Huge need for aircraft seats could stall new regs

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Aircraft seat manufacturers bracing themselves for stricter certification requirements following last summer’s Asiana Airlines Boeing 777 crash in San Francisco have yet to see any evidence of this becoming a reality. One such manufacturer believes the absence of any proposed changes emerging from the incident could be the result of industry pressure as suppliers battle to keep up with an “unprecedented ramp-up situation”.

When Asiana Flight 214 crash-landed at San Francisco last July, the introduction of a requirement for aircraft seats to be able to withstand 16 times the force of gravity was thanked for the high survival rate among passengers onboard the aircraft. However, the large number of spinal injuries sustained by passengers led some to believe that even stricter seat requirements would ensue.

“Usually major incidents create new rulings and restrictions but, oddly enough, there has been total silence,” Doria De Chiara, business development director at Italian seat manufacturer Geven, tells Runway Girl Network. Shortly after the Asiana crash, De Chiara had predicted that stricter rules aimed at reducing the risk of spinal cord injuries in the future would be introduced quickly.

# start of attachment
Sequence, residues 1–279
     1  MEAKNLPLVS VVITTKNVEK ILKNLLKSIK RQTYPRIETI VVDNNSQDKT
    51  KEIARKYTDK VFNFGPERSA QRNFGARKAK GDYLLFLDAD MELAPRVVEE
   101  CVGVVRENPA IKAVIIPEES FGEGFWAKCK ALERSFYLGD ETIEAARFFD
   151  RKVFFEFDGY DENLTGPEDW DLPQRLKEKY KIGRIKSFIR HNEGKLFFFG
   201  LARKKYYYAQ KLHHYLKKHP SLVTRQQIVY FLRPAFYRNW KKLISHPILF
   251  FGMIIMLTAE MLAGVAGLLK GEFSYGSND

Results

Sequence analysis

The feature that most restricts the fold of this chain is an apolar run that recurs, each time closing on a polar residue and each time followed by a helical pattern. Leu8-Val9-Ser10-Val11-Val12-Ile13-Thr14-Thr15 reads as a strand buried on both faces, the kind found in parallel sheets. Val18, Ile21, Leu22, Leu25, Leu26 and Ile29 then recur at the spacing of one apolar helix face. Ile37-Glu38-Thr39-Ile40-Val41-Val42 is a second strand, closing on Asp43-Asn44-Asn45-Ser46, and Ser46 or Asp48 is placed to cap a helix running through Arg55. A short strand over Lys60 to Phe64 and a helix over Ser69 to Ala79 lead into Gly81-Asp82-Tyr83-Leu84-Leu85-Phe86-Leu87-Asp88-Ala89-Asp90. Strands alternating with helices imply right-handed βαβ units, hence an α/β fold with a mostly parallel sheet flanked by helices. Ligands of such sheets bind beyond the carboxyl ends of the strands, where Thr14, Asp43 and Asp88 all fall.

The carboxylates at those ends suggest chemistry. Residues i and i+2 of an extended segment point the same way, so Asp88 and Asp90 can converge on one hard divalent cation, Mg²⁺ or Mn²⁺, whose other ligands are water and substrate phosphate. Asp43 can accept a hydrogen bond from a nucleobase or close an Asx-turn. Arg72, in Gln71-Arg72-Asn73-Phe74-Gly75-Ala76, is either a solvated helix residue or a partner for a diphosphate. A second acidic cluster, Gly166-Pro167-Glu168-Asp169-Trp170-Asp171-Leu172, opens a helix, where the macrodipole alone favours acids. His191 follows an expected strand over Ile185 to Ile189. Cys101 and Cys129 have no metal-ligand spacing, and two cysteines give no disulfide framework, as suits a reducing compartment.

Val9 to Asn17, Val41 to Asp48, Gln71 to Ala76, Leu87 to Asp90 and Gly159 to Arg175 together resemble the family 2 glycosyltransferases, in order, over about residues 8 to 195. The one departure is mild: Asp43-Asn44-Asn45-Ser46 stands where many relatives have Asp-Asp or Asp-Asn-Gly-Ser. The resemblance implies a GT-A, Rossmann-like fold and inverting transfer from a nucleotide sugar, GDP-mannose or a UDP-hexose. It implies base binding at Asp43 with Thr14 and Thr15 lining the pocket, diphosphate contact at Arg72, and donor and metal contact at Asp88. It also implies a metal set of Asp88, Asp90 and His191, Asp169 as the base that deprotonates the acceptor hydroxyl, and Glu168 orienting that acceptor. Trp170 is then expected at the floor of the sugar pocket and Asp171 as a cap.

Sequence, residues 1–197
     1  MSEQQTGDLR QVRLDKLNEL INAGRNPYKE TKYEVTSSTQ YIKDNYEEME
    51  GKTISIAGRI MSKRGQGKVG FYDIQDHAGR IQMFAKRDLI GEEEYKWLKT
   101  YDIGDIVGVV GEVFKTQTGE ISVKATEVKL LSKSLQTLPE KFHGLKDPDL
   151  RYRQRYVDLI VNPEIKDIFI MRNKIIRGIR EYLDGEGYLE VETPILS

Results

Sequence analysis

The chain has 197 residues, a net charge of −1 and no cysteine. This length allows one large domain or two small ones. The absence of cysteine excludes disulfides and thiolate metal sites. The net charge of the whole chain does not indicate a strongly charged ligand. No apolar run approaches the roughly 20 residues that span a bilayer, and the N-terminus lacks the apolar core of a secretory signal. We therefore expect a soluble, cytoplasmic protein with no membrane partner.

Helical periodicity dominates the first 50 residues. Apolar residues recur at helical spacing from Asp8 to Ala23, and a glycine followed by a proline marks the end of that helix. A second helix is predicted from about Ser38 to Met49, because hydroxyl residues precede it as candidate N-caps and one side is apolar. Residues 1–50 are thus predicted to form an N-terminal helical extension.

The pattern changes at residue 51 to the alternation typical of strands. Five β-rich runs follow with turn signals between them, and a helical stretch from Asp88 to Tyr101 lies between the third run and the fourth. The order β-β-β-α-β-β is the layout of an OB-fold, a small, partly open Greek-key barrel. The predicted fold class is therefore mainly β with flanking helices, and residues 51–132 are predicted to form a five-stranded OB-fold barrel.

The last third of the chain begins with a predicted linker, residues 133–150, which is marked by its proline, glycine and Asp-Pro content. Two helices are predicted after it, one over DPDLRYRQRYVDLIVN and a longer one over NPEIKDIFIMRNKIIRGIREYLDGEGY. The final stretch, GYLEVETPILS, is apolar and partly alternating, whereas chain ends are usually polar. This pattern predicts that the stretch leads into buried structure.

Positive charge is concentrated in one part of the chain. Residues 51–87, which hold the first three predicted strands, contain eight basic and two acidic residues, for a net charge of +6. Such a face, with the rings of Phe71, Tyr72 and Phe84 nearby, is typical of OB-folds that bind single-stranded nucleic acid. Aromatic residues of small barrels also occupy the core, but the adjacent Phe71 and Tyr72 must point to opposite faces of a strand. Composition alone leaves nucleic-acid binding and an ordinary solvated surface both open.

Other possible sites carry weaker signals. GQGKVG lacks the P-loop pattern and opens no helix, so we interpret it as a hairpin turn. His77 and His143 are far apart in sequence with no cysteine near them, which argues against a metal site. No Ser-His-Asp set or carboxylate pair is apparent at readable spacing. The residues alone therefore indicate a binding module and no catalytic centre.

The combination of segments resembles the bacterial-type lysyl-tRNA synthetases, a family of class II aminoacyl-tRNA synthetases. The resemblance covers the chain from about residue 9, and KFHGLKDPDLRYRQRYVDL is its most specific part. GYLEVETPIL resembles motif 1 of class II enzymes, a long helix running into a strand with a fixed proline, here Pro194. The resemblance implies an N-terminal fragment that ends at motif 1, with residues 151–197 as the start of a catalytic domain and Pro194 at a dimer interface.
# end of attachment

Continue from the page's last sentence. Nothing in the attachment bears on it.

She now believes that the industry may have been “driving back any upset” as it strives to keep up with “an unprecedented ramp-up situation” in which “too many aircraft are needed too quickly”. Asked why production challenges faced by the industry should affect safety decisions put forward by the regulators, De Chiara says: “The industry has big clout on what happens.”

She adds: “The industry is violently opposed to anything upsetting the overwhelming demand for aircraft.”

Certified aircraft seat manufacturers are finding it difficult to keep up with burgeoning demand for their products, but barriers to entry for new suppliers are so high that De Chiara describes the situation as being “like a cat biting its own tail”.

“There are not enough seat suppliers. However, the demand for major volumes is also dictating a conservative take on bringing these suppliers [into the market],” she says. “New suppliers are required but they’re not being let in because there is no room for risk.”

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